|AVS 54th International Symposium|
|Plasma Science and Technology||Thursday Sessions|
|Session:||Plasma Diagnostics I|
|Presenter:||H. Shindo, Tokai University, Japan|
|Authors:||H. Shindo, Tokai University, Japan
K. Kusaba, Tokai University, Japan
|Correspondent:||Click to Email|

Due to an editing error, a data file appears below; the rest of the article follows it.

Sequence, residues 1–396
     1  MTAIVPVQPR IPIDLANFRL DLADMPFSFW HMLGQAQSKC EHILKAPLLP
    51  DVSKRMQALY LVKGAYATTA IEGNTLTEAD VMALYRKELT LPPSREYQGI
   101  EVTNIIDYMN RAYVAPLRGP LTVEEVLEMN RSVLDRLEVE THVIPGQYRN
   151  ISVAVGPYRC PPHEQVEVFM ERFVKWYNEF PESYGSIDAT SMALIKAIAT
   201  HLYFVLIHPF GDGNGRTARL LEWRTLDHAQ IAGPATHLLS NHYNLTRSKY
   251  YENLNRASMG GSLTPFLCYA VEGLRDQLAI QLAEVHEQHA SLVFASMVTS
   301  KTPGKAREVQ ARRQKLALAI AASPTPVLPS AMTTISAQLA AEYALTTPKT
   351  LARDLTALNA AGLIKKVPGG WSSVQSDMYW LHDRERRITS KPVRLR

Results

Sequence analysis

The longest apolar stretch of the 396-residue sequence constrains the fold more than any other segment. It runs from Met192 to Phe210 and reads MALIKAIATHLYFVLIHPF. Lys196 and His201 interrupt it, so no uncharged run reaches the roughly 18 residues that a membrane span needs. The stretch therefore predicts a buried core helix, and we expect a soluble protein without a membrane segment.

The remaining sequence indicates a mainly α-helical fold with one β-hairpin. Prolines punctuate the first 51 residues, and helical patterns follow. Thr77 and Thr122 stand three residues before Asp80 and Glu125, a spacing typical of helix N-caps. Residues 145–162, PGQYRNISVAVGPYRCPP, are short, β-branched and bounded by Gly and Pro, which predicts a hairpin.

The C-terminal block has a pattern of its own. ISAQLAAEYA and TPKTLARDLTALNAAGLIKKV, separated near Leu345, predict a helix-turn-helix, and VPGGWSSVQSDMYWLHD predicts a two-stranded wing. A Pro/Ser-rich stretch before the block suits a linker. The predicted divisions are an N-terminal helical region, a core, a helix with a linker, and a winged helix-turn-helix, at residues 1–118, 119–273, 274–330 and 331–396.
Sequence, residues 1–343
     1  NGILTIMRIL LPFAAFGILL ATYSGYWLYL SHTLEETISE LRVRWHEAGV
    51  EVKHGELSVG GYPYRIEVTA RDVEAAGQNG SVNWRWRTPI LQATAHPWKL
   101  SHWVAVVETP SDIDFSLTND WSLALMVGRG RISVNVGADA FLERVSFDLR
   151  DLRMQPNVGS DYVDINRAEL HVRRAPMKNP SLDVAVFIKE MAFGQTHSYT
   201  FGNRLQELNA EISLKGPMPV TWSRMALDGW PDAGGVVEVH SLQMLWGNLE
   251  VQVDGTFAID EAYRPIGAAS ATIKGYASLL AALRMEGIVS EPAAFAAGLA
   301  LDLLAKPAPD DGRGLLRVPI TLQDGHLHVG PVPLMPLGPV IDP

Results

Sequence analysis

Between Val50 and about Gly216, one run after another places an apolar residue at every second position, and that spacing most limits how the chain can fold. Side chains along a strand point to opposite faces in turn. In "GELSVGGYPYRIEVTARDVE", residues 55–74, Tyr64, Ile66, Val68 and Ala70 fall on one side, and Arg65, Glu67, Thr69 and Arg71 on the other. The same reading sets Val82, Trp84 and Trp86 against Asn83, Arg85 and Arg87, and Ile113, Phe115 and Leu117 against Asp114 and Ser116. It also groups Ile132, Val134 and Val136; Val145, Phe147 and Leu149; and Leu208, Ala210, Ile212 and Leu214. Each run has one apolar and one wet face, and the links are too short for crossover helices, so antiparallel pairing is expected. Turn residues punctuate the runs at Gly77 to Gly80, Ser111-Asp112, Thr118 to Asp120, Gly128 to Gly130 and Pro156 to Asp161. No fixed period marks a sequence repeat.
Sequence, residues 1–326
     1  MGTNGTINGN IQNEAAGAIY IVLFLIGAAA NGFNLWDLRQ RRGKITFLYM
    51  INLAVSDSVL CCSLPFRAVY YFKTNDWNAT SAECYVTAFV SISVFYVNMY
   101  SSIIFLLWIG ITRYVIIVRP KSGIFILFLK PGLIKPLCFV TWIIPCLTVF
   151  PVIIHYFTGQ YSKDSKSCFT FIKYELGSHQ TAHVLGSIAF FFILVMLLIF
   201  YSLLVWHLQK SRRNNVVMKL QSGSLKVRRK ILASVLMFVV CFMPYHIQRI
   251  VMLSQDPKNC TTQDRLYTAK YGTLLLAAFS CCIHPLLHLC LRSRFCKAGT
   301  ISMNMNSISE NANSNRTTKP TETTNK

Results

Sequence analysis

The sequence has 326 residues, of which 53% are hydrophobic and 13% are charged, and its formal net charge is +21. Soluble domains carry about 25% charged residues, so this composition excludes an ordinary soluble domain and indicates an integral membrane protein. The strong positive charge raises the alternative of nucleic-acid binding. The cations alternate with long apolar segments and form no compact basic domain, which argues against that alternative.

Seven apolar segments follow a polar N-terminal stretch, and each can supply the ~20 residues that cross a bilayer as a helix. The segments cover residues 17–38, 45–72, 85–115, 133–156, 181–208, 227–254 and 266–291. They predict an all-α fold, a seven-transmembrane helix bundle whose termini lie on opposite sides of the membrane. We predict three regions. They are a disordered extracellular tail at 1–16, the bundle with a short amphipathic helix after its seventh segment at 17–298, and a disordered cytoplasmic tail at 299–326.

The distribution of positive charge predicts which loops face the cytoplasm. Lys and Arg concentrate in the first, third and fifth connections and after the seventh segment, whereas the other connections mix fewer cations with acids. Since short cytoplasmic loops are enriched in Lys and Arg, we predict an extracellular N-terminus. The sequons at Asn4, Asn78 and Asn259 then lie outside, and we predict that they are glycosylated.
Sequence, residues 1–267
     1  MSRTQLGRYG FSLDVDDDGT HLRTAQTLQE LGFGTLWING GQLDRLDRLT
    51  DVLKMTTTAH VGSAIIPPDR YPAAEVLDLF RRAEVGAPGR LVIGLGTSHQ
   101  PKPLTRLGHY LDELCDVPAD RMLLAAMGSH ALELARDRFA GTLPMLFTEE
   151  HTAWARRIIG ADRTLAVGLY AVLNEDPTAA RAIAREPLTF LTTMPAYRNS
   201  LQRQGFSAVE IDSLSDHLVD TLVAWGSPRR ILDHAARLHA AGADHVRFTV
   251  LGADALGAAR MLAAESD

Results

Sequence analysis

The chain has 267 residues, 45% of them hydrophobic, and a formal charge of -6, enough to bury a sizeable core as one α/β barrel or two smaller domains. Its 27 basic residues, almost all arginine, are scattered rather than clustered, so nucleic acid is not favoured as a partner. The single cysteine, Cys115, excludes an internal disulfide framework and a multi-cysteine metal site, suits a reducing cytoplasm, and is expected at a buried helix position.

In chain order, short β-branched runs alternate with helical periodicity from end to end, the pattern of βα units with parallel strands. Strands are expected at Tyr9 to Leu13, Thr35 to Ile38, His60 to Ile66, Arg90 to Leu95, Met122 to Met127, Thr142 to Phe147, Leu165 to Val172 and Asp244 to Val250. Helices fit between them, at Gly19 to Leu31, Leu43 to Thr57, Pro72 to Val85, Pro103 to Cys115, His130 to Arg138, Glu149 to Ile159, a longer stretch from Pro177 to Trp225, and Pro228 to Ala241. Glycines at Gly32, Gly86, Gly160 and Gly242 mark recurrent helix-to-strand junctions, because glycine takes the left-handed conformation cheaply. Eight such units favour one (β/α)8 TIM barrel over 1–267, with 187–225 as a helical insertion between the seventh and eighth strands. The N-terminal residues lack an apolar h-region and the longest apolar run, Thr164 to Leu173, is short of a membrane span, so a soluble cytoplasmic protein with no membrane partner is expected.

A new method to measure electron energy by an emissive probe has been proposed. The method is based on measurement of the functional relationship of the floating potential and the heating voltage of emissive probe. From the measured data of the floating potential change as a function of the heating voltage, the curve of the probe collection current-voltage can be analytically obtained. The present method has several important advantages of the following: (1) it is even applicable to radio-frequency plasma in which the potentials are usually fluctuating, (2) also applicable to plasmas which are produced in non-conductive containers. One of key issues in the method is to achieve a perfect floating condition for radio-frequency. To ensure this condition, the probe circuit was optically connected into the measurement circuit. In the experiment, the emissive probe 30 micrometer diameter tungsten was heated by 40 kHz pulse voltage, and the floating potential at the heating voltage off period and the floating potential difference between the heating off and on period were measured by digital oscilloscope in argon plasma. The measurements were made in plasmas, produced by a variety of frequencies of 2 MHz to 60 MHz, and these plasmas are both the capacitively coupled and inductively coupled. It was shown that the plasma electron energy probability function could be obtained without any RF compensating circuit even in capacitively coupled plasmas. In particular at the frequency of 60 MHz, since the method is very sensitive near the plasma potential, the clear indication for the depletion of the low energy electron could be obtained. This low energy electron depletion is due to high plasma potential. Therefore, in the inductively coupled plasma at the frequencies below 27 MHz this low energy electron depletion was obtained near the induction antenna, but at the further positions from the antenna the energy distribution became Maxwellian. This change in the electron energy distribution found in ICP was very systematic with the frequency, the gas pressures and the distances from the antenna. Thus the present method is quite innovative in that it is applicable to the potential fluctuating RF plasma and measurements are all done in a floating condition of probe.